Adobe apps help bring Photoshop to the streets

I’ve been using Adobe’s Creative Suite 5.5 software over the past few weeks, and what I’ve noticed most is that it’s given me the tools to create richer mobile experiences. Indeed, Adobe’s Web design application Dreamweaver has included incredible tools for creating mobile websites, and its publishing application InDesign has included eBook and digital layout tools that help create EPUB docs across multiple platforms. But what is also intriguing is that Adobe is including mobile devices into the actual creation of content.

If you have Photoshop, and an iPad, which seems to be becoming an increasingly common accessory for Web designers, you can use three new Adobe iPad apps that extend Photoshop’s functionality beyond the desktop. Nav, Eazel, and Color Lava help you control and send images to Photoshop via Wi-Fi.

Adobe Nav lets you use your iPad as a custom toolbar for easily accessing the Photoshop tools you use most. While Nav may not appeal to hardcore Photoshop users who have keyboard shortcuts hardwired into their muscle memory, casual may find it a useful interface that makes their favourite tools easier to access.

Adobe Eazel enables you to paint by gliding using your fingertips over your iPad’s screen. I have to admit that my finger painting skills peaked somewhere between kindergarten and grade one, and I found Eazel to take the most time to get used to among all the new Adobe apps, but there are great online walkthroughs that show how to access menus using all five fingers.

With its excellent integration with Photoshop, I can see this appealing to many people who find the interface more intuitive than the mouse. One of the nice touches with Eazel is that the brushstrokes are still “wet” for a few seconds after you paint them, so colours will bleed until they “dry”. I actually found this very difficult to get used to, but I’m sure it would be intuitive for people who are used to actual painting.

If you can’t get used to Eazel’s wet brushstrokes, I’d recommend using Autodesk’s SketchBook Pro for an on-the-go drawing app, which contains a bevy of settings for brushes including brush type, size, and pressure sensitivity.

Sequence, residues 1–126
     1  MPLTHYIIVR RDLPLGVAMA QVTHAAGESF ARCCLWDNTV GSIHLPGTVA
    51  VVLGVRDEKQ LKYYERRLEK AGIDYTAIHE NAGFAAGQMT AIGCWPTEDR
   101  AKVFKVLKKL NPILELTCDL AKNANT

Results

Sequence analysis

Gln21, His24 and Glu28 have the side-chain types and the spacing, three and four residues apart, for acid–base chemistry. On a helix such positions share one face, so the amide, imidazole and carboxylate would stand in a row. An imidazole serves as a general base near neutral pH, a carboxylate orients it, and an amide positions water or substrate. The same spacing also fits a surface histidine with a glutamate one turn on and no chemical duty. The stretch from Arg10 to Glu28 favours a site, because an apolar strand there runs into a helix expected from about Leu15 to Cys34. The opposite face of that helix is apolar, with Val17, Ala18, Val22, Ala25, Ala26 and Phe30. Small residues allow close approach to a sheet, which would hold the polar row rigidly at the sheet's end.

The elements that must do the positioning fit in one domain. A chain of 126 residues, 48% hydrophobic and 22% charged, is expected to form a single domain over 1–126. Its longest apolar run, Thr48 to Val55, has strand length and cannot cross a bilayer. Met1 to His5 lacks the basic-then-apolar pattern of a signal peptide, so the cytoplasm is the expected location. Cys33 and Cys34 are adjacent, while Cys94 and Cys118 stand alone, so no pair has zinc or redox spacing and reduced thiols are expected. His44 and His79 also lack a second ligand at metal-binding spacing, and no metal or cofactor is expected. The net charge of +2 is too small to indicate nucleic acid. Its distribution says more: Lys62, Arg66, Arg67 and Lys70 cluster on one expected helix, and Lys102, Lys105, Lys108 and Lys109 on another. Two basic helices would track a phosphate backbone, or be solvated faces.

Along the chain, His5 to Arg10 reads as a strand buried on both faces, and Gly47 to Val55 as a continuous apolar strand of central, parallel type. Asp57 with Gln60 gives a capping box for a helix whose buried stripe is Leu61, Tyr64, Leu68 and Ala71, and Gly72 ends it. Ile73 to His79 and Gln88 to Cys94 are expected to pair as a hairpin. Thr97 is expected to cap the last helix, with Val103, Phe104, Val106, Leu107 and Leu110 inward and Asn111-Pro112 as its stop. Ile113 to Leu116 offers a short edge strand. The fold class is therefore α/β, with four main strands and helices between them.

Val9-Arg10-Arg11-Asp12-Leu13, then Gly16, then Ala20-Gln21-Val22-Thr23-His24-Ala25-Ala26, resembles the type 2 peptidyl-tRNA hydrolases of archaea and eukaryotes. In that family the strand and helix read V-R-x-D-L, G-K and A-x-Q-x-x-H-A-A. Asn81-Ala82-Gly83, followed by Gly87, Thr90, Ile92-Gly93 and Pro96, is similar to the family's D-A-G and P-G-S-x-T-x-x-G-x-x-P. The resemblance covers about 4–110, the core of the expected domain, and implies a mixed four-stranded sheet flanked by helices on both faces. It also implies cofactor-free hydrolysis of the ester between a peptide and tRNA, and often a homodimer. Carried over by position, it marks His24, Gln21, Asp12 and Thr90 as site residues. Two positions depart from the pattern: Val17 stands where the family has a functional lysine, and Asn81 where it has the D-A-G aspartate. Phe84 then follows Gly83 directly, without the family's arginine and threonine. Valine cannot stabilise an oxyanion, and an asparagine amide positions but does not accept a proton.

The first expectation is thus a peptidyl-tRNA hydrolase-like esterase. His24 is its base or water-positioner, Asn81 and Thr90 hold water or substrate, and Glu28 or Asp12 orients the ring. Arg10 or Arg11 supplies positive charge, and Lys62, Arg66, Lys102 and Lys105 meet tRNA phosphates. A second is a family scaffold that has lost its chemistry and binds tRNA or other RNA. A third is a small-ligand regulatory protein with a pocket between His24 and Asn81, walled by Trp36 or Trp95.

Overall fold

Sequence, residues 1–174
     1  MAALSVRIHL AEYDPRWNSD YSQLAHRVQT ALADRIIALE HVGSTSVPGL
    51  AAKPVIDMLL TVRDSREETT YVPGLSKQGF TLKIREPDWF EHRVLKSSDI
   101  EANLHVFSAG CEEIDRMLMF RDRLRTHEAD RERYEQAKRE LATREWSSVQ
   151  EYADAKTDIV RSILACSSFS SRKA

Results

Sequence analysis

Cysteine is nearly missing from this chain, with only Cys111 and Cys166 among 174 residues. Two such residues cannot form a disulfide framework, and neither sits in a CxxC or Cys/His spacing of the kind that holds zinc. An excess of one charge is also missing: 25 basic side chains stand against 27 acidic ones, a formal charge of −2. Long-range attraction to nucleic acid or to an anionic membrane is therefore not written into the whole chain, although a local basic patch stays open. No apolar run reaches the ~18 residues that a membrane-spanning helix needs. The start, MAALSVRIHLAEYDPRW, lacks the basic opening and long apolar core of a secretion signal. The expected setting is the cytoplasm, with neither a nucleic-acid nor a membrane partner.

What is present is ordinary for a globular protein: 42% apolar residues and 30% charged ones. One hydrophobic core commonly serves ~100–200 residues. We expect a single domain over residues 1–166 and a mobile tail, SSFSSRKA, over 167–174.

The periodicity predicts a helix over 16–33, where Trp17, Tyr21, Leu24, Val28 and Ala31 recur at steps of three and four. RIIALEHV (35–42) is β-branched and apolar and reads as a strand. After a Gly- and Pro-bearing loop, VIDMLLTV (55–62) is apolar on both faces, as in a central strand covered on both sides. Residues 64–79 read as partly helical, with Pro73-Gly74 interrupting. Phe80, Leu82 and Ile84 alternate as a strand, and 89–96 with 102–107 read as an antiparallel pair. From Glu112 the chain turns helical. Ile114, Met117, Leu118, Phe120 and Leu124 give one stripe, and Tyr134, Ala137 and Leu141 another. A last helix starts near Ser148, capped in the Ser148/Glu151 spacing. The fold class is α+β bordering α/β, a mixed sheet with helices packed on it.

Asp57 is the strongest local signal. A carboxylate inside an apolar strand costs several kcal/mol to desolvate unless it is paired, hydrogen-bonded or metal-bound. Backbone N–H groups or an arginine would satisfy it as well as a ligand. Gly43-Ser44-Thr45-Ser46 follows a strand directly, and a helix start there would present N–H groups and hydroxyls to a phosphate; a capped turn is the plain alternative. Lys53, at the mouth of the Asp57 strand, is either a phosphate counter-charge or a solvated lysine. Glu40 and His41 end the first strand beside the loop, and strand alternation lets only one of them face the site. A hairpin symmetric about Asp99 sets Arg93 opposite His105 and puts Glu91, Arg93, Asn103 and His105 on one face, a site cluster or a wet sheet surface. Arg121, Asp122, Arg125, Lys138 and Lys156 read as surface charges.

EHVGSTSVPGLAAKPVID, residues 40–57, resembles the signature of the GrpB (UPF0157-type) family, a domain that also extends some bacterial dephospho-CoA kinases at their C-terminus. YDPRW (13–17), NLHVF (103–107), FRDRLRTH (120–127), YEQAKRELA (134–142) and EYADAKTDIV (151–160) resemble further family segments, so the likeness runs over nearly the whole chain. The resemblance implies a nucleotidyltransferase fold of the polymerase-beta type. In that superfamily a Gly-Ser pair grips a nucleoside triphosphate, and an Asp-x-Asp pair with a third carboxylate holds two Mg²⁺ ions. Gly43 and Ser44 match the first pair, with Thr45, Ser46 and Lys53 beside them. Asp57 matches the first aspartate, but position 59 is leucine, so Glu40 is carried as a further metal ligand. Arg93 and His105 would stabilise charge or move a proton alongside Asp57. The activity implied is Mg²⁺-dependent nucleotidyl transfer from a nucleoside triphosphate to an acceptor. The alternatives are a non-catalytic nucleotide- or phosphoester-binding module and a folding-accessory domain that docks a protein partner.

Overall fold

Among Adobe’s new apps, I’m most excited about Adobe Color Lava, which lets you mix colors using your fingertips to create custom swatches and five-swatch themes. You can think of it as the digital equivalent of an artist’s palette.

The dimension of the tablet that I find most intriguing is that it enables greater interaction with the real world because of its portability, wealth of applications, and the fact that it’s always within reach. This means that you can use an app like Lava wherever inspiration strikes. Lava lets you import your colors from the real world into Photoshop CS5 when you’re connected or via email.

Just as a writer would be wise to keep a notebook at all times to jot down a note or an idea, a designer may want to record a colour. While it’s tempting to, say, just bring along a camera to record colours, it’s not exactly the same thing.

There are technical limitations to reproducing exact colours using a digital camera. The quality of the light in your photos affects the colour reproduction; differences in exposure time can affect how bright or dark your colours are; camera settings such as “vibrant” or “soft” can affect the colours recorded; and light settings such as “tungsten” and “fluorescent” can affect the colours in your photos.

Lava lets you record colours as you see them, and, furthermore, it lets you make changes to the colours, adding a shade of another colour, or changing the brightness at will.

To test out Lava, I went around Toronto to create a custom swatch theme inspired by this city.

The colours I found included the green of a Steam Whistle delivery truck, the weathered blue of the Blue Jays’ logo at the Rogers Centre, the orange of Dupont subway station, the red of the CBC building on Front Street, and the off-white of the McLaughlin Planetarium at dusk.

Adobe’s new apps help make Photoshop a more tactile experience, but I can also envision many designers finding that these tools help their creative process. The three apps from Adobe just scratch the surface of what can be done using the Photoshop Touch SDK, which is available to developers, who now have the power to create iPad apps that interact with Photoshop. I encourage designers to use apps to bring more excitement to their work, and unleash more of their creativity onto the Web.

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